Møgeltønder Church

Tønder, Denmark

Møgeltønder Church is one of the largest village churches in southern Jutland. The church was built in c. 1180 but had the nave extended and a larger choir added c. 1275. The tower with the tall spire was added in the 15th century. The church was owned by the counts Schack of Schackenborg castle from 1661 to 1970, and has a rich interior e.g. a gothic altarpiece from c. 1450, 17th pulpit and pews, and the oldest church organ in Denmark.

As a manor church, it shows many references to the Schack family. Apart from the large burial chapel of the Schack family, the medieval murals in the choir were restored and repainted in 1890 to show the faces of the current count and his son.

References:

Comments

Your name



Details

Founded: 12th century
Category: Religious sites in Denmark
Historical period: The First Kingdom (Denmark)

More Information

www.visitdenmark.com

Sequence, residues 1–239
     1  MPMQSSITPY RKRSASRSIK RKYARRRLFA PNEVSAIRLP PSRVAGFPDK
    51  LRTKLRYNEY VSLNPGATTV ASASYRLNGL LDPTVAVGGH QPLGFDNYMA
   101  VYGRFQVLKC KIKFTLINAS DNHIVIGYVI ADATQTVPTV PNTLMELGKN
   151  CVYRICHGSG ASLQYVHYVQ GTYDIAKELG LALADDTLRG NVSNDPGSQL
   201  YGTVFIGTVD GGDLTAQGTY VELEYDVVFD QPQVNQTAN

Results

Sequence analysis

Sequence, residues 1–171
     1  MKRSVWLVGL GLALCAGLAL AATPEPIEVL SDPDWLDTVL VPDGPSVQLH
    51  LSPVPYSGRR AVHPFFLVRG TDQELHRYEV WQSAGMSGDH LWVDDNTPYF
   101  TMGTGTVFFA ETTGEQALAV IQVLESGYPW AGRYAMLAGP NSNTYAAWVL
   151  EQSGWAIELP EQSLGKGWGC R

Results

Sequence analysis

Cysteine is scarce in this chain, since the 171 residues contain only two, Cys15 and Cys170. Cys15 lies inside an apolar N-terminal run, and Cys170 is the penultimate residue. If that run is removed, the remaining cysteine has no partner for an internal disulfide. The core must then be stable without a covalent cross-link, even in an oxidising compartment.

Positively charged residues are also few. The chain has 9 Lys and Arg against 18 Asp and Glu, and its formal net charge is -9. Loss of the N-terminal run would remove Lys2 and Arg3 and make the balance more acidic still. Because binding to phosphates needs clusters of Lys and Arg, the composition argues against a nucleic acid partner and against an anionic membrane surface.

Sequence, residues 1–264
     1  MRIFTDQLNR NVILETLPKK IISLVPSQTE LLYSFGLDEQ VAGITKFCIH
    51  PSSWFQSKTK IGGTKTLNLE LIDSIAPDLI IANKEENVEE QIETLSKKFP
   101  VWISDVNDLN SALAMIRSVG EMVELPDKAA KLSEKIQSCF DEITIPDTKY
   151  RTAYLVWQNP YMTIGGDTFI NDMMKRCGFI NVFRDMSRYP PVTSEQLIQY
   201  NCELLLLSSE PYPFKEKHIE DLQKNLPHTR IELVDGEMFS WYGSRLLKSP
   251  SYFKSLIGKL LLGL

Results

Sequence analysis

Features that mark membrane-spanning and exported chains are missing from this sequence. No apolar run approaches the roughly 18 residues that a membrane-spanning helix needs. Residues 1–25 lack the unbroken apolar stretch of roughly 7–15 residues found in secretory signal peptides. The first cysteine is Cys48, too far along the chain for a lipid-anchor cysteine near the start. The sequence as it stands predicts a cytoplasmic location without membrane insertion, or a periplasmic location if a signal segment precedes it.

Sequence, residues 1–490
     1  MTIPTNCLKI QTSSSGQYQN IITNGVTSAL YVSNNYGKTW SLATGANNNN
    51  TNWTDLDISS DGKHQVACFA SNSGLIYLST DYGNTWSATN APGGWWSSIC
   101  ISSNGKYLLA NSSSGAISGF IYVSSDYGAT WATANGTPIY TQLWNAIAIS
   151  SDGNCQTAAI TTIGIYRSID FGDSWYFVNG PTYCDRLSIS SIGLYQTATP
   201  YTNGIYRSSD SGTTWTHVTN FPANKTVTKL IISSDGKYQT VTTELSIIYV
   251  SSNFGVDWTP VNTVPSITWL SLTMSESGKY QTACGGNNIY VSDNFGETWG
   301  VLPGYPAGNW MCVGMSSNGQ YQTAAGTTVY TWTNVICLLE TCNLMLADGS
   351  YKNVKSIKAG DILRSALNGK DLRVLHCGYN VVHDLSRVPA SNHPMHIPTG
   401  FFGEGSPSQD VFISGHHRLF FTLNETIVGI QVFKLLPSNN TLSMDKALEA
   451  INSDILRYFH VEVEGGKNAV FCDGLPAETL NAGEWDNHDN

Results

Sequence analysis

User Reviews

Powered by Google

Featured Historic Landmarks, Sites & Buildings

Historic Site of the week

La Iruela Castle

The castle of La Iruela, small but astonishing, is located on the top of a steep crag in Sierra de Cazorla, Segura y Las Villas Natural Park. From the castle, impressive views of the surrounding area and of the town can be enjoyed.

The keep dates from the Christian era. It has a square base and small dimensions and is located at the highest part of the crag.

There are some other enclosures within the tower that create a small alcázar which is difficult to access.

In a lower area of the castle, protected with defensive remains of rammed earth and irregular masonry, is an old Muslim farmstead.

After a recent restoration, an open-air theater has been built on La Iruela castle enclosure. This theater is a tribute to the Greek and Classic Eras and holds various artistic and cultural shows throughout the year.

History

The first traces of human activity in La Iruela area are dated from the Copper Age. An intense occupation continued until the Bronze Age.

Originally, La Iruela (like Cazorla) was a modest farmstead. From the 11th century, a wall and a small fortress were built on the hill to protect the farmers.

Around 1231, don Rodrigo Ximénez de Rada, Archbishop of Toledo, conquered La Iruela and made it part of the Adelantamiento de Cazorla. Over the Muslim fortress, the current fortress was built.

Once the military use of the fortress ended, it was used as cemetery.